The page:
The remedy offered by the nine states left in the case is, in a word, outrageous. Under their proposal, for example, Microsoft would have to charge extra for Windows if it includes Microsoft Messenger in the software, while AOL can still give away its popular Instant Messenger to attract new customers. AOL, by the way, "continues to be the 800-pound gorilla in the consumer Internet market," Rebecca Buckman recently reported in the Wall Street Journal. The company has "about 34 million subscribers compared to just 7.7 million for MSN," which is in second place. Plus, AOL, which owns the browser Netscape, would get a free copy of the source code for Microsoft's browser, Explorer. (AOL, a company whose stock has dropped by four-fifths in recent years, is being absurdly short-sighted. If the AGs win this one, won't the "gorilla" make an obvious next target?)

The proposed remedy would also require Microsoft to include a copy of Sun's Java software in every copy of Windows. Microsoft would have to provide its source code for Office applications software to its competitors at an auction price. Plus, fierce competitors like Scott McNealy of Sun and Larry Ellison of Oracle would get a huge benefit: Any time Microsoft wants to make an acquisition, an investment or an exclusive license, it would have to notify the plaintiff's lawyers two months in advance.

It's sad, but these companies decided in the mid-1990s that the best way to battle Microsoft was not in the marketplace but in the courts, state legislatures and Congress. The losers have not merely been investors in Microsoft and other high-tech companies, but consumers.

Antitrust laws, after all, are supposed to protect consumers, not producers, and this case, strangely enough, began because Microsoft was bundling its browser for free with its operating software and was providing a smooth interface between the two. That decision, along with vast improvements to browser software, created a revolution, and today more than half of Americans are online buying, learning, communicating.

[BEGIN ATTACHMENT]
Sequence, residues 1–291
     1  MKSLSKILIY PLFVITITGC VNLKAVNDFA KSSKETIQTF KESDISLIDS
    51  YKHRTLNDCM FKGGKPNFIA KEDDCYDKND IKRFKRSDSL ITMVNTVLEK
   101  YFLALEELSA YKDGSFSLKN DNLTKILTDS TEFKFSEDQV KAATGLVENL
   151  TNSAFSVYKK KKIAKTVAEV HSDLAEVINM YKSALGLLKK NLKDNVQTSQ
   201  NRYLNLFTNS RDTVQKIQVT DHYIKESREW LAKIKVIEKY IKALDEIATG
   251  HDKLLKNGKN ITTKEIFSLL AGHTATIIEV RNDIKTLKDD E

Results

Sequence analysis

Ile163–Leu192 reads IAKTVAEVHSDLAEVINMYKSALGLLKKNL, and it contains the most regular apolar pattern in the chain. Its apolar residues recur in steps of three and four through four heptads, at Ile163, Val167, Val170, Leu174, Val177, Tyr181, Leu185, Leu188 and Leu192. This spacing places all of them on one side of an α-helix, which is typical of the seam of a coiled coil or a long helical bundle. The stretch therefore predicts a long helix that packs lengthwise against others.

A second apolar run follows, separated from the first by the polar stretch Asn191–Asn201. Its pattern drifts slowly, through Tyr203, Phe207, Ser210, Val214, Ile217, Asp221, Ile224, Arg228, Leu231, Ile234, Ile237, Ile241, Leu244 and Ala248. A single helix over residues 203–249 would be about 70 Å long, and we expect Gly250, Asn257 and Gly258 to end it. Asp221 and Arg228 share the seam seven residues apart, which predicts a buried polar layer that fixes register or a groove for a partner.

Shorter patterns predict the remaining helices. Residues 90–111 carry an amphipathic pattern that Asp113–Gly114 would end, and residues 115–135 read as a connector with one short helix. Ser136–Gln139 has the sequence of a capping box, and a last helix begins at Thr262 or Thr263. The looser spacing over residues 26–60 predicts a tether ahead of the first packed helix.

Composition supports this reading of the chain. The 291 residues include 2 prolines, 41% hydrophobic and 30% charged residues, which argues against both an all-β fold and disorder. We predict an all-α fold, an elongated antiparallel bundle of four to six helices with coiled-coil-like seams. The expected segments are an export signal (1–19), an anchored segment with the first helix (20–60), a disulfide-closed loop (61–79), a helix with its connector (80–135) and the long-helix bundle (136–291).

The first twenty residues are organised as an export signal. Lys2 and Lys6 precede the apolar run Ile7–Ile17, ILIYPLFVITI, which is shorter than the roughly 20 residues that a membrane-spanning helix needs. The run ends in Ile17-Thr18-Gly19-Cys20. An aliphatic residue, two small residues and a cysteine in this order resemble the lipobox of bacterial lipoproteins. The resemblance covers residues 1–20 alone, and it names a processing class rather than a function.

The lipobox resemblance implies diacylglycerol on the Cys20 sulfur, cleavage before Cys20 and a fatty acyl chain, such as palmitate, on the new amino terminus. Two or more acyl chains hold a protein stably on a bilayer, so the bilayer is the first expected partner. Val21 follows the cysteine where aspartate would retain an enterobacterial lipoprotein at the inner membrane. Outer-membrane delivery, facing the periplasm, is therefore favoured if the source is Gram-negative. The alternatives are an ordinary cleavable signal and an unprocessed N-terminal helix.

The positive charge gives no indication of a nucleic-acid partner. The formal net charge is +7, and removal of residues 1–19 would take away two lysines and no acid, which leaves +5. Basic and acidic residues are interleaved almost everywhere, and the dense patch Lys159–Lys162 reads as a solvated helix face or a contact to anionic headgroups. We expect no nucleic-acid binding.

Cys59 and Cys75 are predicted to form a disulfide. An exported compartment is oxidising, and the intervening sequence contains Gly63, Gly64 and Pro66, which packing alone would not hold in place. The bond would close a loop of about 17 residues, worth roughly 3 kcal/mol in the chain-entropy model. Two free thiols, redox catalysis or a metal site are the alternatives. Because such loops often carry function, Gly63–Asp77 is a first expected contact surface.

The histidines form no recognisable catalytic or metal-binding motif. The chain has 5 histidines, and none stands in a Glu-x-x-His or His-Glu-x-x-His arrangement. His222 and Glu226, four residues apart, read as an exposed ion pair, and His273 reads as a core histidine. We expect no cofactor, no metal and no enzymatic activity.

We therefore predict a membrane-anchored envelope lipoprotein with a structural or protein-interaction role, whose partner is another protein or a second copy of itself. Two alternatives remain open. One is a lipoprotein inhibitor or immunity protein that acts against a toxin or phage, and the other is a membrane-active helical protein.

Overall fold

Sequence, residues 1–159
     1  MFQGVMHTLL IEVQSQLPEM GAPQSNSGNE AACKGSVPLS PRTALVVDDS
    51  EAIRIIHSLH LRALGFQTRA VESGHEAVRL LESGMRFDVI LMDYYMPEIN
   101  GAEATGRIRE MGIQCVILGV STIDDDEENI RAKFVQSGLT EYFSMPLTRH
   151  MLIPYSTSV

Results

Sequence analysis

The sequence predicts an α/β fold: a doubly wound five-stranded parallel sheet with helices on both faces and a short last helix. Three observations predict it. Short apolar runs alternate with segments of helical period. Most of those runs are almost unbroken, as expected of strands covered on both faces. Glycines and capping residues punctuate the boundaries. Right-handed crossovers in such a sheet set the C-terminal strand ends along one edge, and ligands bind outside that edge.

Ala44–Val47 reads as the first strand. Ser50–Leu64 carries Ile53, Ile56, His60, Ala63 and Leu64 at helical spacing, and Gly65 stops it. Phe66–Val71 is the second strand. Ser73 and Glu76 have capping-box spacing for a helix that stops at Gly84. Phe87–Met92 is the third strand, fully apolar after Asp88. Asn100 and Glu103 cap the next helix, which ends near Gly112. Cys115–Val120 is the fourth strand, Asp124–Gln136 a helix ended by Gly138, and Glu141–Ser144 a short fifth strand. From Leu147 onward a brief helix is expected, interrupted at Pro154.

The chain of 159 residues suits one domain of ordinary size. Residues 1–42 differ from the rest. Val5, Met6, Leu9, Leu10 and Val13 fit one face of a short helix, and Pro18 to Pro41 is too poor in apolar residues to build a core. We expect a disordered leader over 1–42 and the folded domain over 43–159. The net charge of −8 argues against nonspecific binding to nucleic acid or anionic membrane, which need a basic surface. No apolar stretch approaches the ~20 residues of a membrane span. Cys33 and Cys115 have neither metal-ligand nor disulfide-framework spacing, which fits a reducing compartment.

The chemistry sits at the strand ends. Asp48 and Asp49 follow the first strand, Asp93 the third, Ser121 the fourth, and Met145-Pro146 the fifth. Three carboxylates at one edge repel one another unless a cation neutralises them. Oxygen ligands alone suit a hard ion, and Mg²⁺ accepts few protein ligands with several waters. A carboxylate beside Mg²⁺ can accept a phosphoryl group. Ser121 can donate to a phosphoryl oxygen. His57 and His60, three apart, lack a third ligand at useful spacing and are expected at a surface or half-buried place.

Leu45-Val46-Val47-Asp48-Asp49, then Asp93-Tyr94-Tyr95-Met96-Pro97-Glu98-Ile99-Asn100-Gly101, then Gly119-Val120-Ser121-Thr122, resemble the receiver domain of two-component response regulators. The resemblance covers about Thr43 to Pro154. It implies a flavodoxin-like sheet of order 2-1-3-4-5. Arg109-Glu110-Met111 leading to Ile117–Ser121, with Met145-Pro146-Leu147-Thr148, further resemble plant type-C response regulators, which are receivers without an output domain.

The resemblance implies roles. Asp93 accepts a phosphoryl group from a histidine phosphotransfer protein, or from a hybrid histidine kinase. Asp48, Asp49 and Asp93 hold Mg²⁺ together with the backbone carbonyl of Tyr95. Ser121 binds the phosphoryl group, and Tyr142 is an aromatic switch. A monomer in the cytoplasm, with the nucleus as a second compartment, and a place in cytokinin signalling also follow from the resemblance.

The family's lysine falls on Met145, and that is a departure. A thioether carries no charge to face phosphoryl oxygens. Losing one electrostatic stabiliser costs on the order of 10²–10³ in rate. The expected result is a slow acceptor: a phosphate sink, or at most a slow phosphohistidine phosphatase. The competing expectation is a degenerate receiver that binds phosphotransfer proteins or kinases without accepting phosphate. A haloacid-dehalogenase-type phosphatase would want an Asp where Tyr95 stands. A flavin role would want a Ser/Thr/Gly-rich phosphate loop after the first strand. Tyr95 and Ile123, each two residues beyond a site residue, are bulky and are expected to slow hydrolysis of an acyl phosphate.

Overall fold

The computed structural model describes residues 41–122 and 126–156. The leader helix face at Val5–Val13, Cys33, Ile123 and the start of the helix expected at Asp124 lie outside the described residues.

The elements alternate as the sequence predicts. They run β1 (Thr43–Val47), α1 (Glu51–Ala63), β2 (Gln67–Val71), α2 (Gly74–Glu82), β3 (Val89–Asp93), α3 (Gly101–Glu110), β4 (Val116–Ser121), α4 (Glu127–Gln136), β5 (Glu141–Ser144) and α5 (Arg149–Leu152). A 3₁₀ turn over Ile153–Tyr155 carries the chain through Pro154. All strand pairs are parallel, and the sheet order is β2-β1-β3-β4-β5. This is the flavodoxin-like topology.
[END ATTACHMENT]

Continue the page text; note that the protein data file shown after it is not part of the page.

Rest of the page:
But the remedy proposed by the nine states would force Microsoft to remove its "middleware" code from Windows at the request of a computer-maker. Middleware (such as browsers, instant messaging, e-mail client software, etc.) is software that connects an operating system to other software. The result, according to a study by economist Stan J. Liebowitz of the University of Texas at Dallas, would be to load $30 billion to $80 billion in new costs on software producers. Who would pay? Consumers, says Mr. Liebowitz, through "higher prices, fewer choices of software, less certainty that software they buy will run properly."

Balkanization, additional costs, confusion, uncertainty those will be the consequences of the settlement proposed by nine state attorney generals, who shouldn't be making antitrust policy in the first place.

It's time to end this costly nonsense and get back to work and to sanity back to what Americans do best: innovation, entrepreneurship, investment and, yes, joy in using the fabulous technology that results. High technology left the tracks a little over two years ago; now, a court in Washington has a chance to get it running swiftly and surely again.

James K. Glassman is a member of the board of Americans for Technology Leadership, which is partly funded by Microsoft.